--- The Giants would like Christian Arroyo to get at least a few months in Triple-A next season. The internal evaluation is that he isn’t ready, not after a season in which he hit .274/.316/.373 with three homers. Arroyo is just 21 years old, and there’s no desire to rush him. The Giants believe they have a budding superstar if they handle this right. 

Nuñez and Gillaspie are locks to make the roster as third basemen next year, and while Joe Panik’s name will come up in trade talks, it’s very unlikely the Giants part ways with a young All-Star-caliber player after dealing Matt Duffy away. Arroyo is mostly focused on third base right now. 

“l’ll go into spring training hoping Christian continues to show progress in his defensive role and with the bat,” Evans said. “I anticipate him starting next year in the minor leagues.”

Arroyo will be in camp for a second straight year. Evans said, “I love it when a player tells us he’s ready by how he performs,” and the Giants did once put Duffy on the Opening Day roster because he forced the issue.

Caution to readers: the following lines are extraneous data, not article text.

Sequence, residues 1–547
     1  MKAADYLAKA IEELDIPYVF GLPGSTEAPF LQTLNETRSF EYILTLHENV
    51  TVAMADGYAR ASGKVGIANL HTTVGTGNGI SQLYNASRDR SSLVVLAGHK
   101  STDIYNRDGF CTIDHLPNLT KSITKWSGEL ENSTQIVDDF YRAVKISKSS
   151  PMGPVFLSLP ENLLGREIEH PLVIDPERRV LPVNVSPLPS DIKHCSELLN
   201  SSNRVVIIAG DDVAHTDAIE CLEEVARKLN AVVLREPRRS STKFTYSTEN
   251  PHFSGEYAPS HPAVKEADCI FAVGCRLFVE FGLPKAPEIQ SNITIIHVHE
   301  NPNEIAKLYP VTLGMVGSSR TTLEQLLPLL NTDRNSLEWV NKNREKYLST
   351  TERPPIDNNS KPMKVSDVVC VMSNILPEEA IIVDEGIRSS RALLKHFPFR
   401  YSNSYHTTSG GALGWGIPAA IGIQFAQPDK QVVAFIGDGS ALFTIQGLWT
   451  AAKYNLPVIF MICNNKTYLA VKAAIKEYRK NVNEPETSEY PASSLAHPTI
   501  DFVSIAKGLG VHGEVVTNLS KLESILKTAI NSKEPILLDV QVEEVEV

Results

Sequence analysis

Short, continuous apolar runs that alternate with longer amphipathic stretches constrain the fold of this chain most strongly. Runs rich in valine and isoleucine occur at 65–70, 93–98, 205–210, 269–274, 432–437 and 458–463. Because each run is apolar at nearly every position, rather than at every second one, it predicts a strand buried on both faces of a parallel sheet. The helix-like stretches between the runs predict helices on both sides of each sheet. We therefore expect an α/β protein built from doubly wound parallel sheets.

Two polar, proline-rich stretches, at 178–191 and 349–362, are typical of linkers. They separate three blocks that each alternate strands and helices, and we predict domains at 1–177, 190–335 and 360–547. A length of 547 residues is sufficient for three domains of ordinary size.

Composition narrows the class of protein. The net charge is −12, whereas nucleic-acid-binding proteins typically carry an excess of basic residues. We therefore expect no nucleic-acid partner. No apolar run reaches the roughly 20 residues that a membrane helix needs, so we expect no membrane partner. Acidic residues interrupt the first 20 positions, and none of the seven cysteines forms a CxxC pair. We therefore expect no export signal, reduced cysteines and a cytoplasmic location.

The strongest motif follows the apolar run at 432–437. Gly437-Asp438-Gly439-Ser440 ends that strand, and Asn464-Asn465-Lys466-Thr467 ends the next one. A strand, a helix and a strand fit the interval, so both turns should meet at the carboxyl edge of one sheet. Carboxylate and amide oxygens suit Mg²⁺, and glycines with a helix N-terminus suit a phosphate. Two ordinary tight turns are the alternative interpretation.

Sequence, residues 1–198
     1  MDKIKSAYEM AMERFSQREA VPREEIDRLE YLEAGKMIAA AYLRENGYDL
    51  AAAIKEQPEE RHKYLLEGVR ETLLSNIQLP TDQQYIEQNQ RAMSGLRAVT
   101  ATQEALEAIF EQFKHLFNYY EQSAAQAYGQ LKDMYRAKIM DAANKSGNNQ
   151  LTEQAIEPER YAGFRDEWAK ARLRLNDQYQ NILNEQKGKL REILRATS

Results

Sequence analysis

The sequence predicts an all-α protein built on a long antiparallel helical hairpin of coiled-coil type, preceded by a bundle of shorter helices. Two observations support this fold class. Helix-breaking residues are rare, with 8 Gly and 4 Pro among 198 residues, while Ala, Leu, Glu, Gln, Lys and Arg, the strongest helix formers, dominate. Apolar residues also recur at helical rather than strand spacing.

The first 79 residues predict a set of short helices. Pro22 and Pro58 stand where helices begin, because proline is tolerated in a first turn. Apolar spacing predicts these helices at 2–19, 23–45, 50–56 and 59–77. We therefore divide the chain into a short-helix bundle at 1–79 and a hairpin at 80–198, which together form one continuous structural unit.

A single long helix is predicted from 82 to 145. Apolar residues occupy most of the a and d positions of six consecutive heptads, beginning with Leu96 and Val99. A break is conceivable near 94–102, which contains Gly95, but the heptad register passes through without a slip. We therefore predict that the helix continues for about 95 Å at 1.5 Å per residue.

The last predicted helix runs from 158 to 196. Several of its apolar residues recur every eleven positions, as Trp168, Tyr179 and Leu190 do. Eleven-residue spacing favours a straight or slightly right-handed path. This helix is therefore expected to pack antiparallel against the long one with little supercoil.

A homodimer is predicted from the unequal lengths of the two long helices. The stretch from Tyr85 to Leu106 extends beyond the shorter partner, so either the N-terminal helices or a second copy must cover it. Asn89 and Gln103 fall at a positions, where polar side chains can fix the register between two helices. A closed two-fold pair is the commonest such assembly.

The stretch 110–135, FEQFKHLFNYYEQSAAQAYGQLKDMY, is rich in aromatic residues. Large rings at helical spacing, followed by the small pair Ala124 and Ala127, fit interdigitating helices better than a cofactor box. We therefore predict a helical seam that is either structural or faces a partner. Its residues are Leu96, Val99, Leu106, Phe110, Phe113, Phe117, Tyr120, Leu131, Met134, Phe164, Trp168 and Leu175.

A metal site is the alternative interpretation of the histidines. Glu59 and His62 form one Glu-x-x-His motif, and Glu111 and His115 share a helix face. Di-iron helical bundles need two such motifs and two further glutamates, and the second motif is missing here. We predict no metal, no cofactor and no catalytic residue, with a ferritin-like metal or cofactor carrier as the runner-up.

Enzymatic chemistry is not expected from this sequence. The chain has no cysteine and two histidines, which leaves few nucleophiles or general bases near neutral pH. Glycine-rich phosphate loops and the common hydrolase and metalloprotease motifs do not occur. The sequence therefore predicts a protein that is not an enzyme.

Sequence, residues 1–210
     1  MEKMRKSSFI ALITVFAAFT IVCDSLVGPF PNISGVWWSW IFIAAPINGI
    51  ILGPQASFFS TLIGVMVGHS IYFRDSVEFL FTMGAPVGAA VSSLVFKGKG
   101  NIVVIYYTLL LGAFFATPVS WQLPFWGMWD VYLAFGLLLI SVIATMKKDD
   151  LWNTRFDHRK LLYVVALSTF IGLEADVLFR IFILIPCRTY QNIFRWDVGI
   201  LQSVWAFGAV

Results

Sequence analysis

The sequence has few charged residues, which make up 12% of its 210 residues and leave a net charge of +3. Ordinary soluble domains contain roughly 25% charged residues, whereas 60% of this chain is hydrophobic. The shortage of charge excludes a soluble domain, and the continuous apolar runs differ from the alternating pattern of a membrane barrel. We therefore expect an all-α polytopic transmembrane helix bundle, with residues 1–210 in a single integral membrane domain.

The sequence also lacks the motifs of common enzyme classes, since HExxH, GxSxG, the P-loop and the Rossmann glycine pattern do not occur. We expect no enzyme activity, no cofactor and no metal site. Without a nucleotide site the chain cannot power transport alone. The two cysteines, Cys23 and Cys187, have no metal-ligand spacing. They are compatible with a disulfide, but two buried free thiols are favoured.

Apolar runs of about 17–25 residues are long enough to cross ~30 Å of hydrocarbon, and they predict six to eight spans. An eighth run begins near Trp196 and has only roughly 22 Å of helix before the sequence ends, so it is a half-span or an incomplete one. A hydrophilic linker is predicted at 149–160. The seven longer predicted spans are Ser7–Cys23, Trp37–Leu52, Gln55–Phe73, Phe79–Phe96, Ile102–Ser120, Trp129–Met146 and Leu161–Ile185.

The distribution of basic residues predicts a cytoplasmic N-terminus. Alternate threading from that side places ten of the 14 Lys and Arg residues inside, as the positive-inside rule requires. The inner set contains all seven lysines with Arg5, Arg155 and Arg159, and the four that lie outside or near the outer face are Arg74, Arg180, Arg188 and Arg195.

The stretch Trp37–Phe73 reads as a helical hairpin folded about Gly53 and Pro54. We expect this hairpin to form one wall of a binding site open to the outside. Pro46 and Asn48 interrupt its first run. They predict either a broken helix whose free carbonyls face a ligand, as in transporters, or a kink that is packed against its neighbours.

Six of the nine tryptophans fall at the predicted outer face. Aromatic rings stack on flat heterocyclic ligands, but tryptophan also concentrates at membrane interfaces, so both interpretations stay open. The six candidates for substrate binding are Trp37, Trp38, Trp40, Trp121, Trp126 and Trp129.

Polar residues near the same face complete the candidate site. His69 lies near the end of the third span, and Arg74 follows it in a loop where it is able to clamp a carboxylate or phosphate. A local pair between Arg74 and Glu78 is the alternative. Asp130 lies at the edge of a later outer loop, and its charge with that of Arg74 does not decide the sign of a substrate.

--- Evans said Albert Suarez will come into camp as a guy providing depth. He’ll be competing for a long reliever role on the Opening Day roster. Suarez posted a 4.29 ERA in his first year with the Giants and provided some valuable spot starts. 

--- Ty Blach and Matt Cain will go into camp competing for the fifth starter job, and Tyler Beede will be around to try and swipe it away. The guess right now is that Blach wins the job. Players raved about the young left-hander as they packed up Thursday. But Cain has earned the right to compete, Evans said. 

“Matt wants to be a starting pitcher,” Evans said. “He’ll come into spring training expecting to start and he’ll be given every opportunity, and he deserves that.”

If Cain doesn’t blow the Giants away, it would be worth seeing if he could transform into a Joe Blanton-type. Blanton is much further removed from starting success than Cain, and posted a 2.48 ERA in 75 appearances for the Dodgers this season. There are some in the Giants’ organization who wonder if Cain — with a rare four-pitch mix out of the bullpen — could make a similar transition. 

--- Before you look forward, you must first look back. In case you missed it, here's a pitch-by-pitch recap of the ninth inning.  Bochy said Thursday that he has no regrets about the pitchers he used. "We just had a hard time getting that last out," he said.